Tau hyperphosphorylation—another hallmark of AD pathology—changes the function of tau from assembly promotion to assembly disruption, leading to impaired synaptic plasticity and axonal transport . Tau phosphorylation can also be induced by the production and deposition of Aβ [53, 54]. We found that LEV decreased the phosphorylation of tau in CDK5- and GSK3α/β-dependent mechanisms (Fig. 4). Indeed, tau phosphorylation has been reported to be mediated by CDK5 and GSK3α/β [55, 56]. Importantly, cognitive impairment was alleviated by low, but not high concentrations of LEV (Fig. 1). Based on these findings, we can infer that low concentrations of LEV improve memory deficits by inhibiting tau phosphorylation.
Excessive Aβ production and tau hyperphosphorylation give rise to neuroinflammation and neuronal loss in AD pathology . Inflammasomes have been shown to contribute to various disorders in the central nervous system by causing neuroinflammation . Extracellular accumulation of Aβ in SPs in AD brains is a principal event in AD pathogenesis . Deposition of Aβ peptide initiates inflammasome activity in the microglia . Moreover, the activation of inflammasomes causes impairment in AD pathogenesis—through Aβ deposition and loss of spatial memory—by mediating a harmful chronic inflammatory response . It is important to note that NLRP3 activation in the brain is restricted to plaque-associated microglia , suggesting that microglial activation of the NLRP3 inflammasome is pivotal for AD pathogenesis. Furthermore, the correlation of AD pathogenesis with local neuroinflammation is already established. As an important component of inflammasome, IL-1β has the ability to induce the phosphorylation of tau , leading to the compromised learning and memory of AD animals [61, 62]. By blocking IL-1β, the pathogenesis of AD was improved in the animal models . In agreement with these reports, the current study further shows that LEV treatment deactivates inflammasomes, thus suppressing the activity of glial cells.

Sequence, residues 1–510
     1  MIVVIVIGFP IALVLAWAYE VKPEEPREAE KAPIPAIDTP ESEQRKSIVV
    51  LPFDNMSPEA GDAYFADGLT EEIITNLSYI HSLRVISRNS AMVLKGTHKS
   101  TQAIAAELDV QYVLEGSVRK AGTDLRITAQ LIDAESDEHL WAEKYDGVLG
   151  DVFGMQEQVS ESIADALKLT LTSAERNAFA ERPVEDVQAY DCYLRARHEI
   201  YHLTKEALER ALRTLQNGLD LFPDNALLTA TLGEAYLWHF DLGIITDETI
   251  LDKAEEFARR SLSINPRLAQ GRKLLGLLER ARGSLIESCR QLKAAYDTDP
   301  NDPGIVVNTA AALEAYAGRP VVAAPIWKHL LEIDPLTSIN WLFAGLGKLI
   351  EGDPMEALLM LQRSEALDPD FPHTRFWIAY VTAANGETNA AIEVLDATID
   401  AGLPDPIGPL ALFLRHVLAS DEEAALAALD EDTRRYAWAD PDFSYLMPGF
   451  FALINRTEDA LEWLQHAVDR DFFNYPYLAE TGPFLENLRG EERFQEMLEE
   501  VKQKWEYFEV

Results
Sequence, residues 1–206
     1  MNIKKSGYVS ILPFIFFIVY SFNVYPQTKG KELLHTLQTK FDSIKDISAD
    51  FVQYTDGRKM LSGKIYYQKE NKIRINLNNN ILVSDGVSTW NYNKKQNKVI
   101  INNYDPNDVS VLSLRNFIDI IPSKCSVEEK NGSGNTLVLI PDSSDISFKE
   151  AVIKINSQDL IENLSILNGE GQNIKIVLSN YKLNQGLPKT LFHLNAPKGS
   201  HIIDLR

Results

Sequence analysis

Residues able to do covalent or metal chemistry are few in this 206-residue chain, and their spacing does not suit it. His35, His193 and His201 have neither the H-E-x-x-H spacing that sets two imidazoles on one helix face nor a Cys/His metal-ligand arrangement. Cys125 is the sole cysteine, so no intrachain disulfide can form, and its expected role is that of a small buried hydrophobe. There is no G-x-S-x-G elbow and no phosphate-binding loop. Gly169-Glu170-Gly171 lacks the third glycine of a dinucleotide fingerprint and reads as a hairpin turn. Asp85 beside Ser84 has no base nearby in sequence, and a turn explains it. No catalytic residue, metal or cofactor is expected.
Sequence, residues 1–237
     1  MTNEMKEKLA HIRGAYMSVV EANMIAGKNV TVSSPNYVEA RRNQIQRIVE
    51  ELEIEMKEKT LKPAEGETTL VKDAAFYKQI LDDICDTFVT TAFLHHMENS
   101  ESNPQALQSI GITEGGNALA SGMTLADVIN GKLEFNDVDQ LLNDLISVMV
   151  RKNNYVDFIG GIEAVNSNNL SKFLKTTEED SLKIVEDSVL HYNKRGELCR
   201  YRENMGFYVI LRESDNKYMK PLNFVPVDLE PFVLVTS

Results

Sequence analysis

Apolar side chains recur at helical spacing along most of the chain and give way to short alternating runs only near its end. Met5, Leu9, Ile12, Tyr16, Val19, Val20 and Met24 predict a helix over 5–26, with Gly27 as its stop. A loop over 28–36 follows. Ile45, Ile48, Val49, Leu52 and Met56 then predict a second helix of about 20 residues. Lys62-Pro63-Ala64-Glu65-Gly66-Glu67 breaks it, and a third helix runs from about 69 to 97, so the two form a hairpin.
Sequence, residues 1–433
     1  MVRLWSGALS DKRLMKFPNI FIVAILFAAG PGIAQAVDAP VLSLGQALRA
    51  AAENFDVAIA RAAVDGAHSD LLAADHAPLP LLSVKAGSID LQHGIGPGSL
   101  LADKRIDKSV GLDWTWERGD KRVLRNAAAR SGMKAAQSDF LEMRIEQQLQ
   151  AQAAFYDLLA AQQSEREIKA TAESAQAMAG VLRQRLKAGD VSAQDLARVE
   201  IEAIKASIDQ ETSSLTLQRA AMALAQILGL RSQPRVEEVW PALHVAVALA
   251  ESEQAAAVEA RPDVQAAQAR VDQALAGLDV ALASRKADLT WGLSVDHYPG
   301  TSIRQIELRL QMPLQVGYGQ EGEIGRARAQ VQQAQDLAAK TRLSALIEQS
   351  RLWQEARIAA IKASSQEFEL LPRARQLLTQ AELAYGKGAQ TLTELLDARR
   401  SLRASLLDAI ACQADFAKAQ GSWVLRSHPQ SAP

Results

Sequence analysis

Synaptic dystrophy and neuronal loss are known to be significantly increased in AD mice [64, 65]. Our data demonstrate that a low concentration of LEV can protect neurons from synaptic dystrophy and neuronal loss, whereas high concentrations show neurotoxicity, leading to the apoptosis in neurons (Fig. 6B). LEV administration after hypoxia also reduces neuronal apoptosis in a neonatal rat model of hypoxic ischemic brain injury . In addition, a study showed that LEV conferred neuroprotective effects against focal cerebral ischemia-reperfusion injury in mice . Unfortunately, the authors of that study did not measure the effects of different concentrations of LEV on neuronal apoptosis. In this study, we extended the previous investigations and found that high concentrations of LEV induced the apoptosis in neurons.
Our findings therefore provide the experimental basis for selecting appropriate concentrations of LEV for future clinical trials in treating AD.